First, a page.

NPH is privileged and honored to announce that Gena Heraty has won the Irish Red Cross Humanitarian Award! Gena was unable to leave Haiti due to the civil unrest but appeared via video to accept her award. Her two nieces were in attendance to represent her. We are so grateful that Gena has been caring for the most vulnerable in Haiti for over 26 years. Truly she embodies a life of kindness.
Violence and chaos on the streets of Haiti stopped Gena Heraty from travelling to Dublin to pick up a major humanitarian award last night.
The Irish woman has spent the past 26 years caring for vulnerable young people with disabilities in one of the poorest countries in the world.
“As human beings, we should never lose the opportunity to be kind,” said the 50-year-old Mayo woman in a telephone call from Haiti to the Sunday Independent.
She was named Humanitarian of the Year at an event last night in Dublin organised by the Irish Red Cross.
Civil unrest has exploded in Haiti in recent weeks where protest demonstrations demanding the resignation of President Moise have deteriorated into burnings, lootings, and violence.
Ms Heraty is director and co-founder of a home for 30 young people with neurological disorders within a larger orphanage compound run by a charity at Kenscoff in the hills above Port-au-Prince.
The disorder and chaos on the streets would have made it too dangerous for her to travel to the airport to fly to Ireland to collect the award at the Humanitarian Awards Ball.
“Things are too unstable at the moment and there’s a risk of everything going up in smoke. I wouldn’t leave the children in such circumstances. A captain doesn’t desert a sinking ship,” she said.
She accepted the award on behalf of all her team working with disabled children in Haiti. Among the few foreigners who work with a big Haitian care team are Jacinta McGuane from Ennis, Co Clare, and Michelle Johnson from Dundalk.
Ms Heraty grew up in the townland of Carrarevaugh, near Liscarney, around 11km from Westport. She is one of 11 children. As a child, she took to heart what her parents told her: “Treat others as you would like to be treated.”
After getting a business degree in the University of Limerick, she worked as a volunteer with the homeless with Dublin Simon.
She trained to be a lay missionary and travelled to Haiti where she has worked with the poorest of children as part of the Nos Petits Freres et Soeurs (our little brothers and sisters) charity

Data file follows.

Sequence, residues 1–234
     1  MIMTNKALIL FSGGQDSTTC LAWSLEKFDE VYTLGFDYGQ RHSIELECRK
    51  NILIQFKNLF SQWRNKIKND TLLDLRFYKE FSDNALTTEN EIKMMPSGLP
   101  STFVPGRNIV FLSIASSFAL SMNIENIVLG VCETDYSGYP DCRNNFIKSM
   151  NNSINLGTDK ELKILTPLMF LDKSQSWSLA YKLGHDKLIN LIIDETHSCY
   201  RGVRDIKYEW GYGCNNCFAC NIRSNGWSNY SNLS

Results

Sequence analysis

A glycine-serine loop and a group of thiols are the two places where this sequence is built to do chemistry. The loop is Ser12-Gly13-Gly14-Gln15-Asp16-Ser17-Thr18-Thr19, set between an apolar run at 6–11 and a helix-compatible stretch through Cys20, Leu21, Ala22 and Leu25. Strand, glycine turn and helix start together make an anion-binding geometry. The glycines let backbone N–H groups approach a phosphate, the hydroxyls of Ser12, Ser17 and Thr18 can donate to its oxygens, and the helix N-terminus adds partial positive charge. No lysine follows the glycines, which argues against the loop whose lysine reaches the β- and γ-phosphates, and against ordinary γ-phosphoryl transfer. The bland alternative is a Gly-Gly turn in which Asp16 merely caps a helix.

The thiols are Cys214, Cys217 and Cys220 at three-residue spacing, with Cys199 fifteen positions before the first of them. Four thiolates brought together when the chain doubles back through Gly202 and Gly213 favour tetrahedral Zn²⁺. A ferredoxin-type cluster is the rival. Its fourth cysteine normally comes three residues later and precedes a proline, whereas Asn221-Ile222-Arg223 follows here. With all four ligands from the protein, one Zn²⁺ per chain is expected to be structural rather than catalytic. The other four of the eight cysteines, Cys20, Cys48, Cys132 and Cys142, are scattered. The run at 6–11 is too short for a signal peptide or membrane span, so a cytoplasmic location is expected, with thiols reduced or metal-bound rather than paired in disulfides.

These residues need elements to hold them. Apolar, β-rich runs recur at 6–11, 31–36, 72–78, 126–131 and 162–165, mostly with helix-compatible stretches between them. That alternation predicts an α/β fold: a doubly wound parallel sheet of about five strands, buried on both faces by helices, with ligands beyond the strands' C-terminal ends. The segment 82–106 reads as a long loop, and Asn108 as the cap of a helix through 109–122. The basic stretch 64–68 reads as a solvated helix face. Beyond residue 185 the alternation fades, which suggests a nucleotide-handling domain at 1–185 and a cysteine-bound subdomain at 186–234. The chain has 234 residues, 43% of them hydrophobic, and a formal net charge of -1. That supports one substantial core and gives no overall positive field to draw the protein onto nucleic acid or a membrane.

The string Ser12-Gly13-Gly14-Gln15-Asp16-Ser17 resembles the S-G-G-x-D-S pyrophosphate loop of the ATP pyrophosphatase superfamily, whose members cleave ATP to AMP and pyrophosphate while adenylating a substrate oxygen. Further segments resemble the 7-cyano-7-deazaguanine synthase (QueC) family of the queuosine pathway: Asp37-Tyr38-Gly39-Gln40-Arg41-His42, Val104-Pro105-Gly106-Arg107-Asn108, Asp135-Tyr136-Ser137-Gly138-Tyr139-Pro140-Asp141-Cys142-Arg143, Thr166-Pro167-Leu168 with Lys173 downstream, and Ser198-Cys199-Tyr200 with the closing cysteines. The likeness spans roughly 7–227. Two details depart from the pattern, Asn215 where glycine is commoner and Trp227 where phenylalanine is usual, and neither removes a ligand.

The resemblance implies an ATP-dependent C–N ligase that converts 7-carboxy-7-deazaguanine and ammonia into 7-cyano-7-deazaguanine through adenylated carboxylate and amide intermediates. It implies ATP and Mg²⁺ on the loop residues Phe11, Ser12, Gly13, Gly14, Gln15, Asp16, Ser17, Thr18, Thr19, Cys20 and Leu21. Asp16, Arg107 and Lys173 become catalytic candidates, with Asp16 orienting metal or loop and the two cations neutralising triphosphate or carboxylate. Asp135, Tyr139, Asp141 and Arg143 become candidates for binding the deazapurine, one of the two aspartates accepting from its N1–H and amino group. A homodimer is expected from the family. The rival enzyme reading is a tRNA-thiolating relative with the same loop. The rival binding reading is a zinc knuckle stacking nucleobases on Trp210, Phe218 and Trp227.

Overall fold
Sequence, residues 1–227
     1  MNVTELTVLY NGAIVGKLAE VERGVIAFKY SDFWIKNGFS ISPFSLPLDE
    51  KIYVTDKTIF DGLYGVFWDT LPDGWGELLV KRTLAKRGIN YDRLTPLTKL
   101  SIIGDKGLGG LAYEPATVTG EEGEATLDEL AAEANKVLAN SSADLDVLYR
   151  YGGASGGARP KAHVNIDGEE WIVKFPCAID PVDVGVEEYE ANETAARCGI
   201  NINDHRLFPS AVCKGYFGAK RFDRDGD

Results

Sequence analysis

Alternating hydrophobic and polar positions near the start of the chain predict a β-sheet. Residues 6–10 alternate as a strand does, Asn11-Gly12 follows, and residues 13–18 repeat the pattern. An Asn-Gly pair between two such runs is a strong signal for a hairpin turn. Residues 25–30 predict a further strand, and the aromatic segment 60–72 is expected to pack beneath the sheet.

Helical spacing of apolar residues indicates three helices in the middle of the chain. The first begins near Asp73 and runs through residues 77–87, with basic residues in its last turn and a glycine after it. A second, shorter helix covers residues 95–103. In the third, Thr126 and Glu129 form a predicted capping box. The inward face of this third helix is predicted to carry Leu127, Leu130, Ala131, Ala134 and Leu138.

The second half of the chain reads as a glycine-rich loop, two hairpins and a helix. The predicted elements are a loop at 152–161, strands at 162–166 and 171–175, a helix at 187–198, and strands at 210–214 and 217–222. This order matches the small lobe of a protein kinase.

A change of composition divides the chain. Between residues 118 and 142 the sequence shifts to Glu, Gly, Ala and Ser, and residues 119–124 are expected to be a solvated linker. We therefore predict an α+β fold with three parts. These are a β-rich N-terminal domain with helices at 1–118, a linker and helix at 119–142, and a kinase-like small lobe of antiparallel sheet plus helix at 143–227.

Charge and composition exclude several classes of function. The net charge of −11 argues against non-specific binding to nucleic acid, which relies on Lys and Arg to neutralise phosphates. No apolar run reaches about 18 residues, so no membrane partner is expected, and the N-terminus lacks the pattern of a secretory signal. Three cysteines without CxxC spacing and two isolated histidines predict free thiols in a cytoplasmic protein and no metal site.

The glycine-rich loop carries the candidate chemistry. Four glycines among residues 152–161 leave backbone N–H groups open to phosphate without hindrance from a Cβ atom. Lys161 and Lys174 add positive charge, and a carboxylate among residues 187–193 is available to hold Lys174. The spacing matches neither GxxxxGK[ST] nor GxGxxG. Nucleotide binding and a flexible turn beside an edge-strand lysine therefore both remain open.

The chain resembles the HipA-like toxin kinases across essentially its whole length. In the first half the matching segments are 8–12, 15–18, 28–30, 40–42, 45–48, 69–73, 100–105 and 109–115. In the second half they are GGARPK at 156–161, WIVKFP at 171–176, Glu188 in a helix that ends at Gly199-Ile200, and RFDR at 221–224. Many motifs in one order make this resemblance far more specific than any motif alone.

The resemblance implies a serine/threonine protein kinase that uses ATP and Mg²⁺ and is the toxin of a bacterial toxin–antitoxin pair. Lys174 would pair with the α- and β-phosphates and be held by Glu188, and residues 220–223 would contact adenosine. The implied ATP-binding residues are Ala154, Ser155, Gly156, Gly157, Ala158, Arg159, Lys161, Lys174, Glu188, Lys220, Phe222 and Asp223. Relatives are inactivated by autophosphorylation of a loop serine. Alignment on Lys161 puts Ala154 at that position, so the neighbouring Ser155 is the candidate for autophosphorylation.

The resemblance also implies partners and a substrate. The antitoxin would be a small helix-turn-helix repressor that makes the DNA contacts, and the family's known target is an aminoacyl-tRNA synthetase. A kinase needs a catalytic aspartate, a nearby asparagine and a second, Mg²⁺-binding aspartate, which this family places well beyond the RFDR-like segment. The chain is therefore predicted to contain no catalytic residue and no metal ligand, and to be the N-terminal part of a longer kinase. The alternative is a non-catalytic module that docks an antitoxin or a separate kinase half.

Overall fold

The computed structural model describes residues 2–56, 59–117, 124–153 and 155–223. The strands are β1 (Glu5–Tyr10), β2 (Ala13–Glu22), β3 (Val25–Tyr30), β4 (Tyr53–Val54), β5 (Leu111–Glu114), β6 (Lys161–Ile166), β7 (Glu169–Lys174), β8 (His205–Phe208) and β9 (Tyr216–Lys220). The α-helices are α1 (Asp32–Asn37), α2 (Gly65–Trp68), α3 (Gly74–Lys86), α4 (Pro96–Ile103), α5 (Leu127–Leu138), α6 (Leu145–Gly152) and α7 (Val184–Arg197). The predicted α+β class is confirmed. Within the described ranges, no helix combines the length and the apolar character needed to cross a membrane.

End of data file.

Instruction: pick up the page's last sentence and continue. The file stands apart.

Twenty-six years later, she still works with the most vulnerable and is known all over Haiti for challenging prejudice against people with physical and intellectual disabilities.
“I’m here to stay,” she said.
She was 23 when she arrived in Haiti. She had imagined then that she might marry and have children. But her involvement in caring for poor and disabled children in Haiti caused her to abandon any such dream in favour of devoting her life to children with special needs in Haiti.
Ms Heraty and her colleagues have created services to ensure children with disabilities are not abandoned.
She has seen much suffering, deprivation and death over the years. More than 20 staff of the charity were killed in the earthquake of 2010 that claimed the lives of an estimated 200,000 people in the Caribbean country.
She said there was huge frustration among the people at the dire conditions in the country. Many people were not putting their trust in the government but all seem to find some relief in their widespread belief in God.
“Our world is lacking in kindness. People need to be actively looking for ways to be kind,” she said.
“People need to care for the homeless everywhere, in Ireland too. We all need to care for each other.”
She wanted to thank the many people in Ireland who support the work she and her colleagues do.
Source: Sunday Independent
From NPH International Board President, Reinhart Koehler, “Congratulations Gena. I know that your work and motivation does not depend on awards, and like our founder, Fr. Wasson, you most likely will say, ‘The children deserve this award, because they are the true heroes.’ But for me, you are a heroine, too. Your love and loyalty to the children you care for is inspiring. And your outreach to support special needs children and their families is a true gift to humanity.“